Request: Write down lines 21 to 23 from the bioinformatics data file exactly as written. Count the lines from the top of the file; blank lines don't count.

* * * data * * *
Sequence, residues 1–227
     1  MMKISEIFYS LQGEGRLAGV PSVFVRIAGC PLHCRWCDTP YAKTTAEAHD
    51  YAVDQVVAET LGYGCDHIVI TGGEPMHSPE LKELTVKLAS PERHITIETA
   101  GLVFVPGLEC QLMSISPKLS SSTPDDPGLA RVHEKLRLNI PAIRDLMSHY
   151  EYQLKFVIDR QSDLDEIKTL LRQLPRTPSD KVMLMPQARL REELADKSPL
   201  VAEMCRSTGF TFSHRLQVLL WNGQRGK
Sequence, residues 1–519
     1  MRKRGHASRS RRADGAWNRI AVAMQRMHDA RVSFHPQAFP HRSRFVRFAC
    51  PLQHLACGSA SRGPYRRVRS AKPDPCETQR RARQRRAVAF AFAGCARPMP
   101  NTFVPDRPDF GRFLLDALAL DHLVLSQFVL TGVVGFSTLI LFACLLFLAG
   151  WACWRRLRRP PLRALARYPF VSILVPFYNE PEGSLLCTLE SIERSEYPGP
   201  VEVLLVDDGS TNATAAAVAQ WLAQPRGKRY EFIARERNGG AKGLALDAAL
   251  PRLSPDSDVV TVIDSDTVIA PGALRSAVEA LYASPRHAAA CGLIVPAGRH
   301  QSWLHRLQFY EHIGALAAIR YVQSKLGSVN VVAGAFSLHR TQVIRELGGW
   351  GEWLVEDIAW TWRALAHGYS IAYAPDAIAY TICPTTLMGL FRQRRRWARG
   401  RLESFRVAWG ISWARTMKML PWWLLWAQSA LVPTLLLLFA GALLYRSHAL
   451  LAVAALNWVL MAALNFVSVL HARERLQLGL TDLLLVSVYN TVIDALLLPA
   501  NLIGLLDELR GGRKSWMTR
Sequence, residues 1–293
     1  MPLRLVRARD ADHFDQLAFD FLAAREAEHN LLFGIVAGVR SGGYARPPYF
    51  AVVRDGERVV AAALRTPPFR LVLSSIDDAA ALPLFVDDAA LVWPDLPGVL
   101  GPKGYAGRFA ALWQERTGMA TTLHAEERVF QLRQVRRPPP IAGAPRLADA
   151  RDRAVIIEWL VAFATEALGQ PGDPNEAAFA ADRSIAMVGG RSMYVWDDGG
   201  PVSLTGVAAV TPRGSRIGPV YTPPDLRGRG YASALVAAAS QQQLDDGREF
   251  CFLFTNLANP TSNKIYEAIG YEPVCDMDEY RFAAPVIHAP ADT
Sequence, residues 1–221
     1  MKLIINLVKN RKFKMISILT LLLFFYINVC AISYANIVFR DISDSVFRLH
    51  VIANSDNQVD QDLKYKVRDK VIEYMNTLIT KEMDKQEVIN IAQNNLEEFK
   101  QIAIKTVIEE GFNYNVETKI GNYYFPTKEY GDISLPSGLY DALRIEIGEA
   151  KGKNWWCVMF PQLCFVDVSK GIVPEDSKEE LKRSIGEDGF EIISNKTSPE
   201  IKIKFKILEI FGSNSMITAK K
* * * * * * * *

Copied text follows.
    51  AVVRDGERVV AAALRTPPFR LVLSSIDDAA ALPLFVDDAA LVWPDLPGVL
   101  GPKGYAGRFA ALWQERTGMA TTLHAEERVF QLRQVRRPPP IAGAPRLADA
   151  RDRAVIIEWL VAFATEALGQ PGDPNEAAFA ADRSIAMVGG RSMYVWDDGG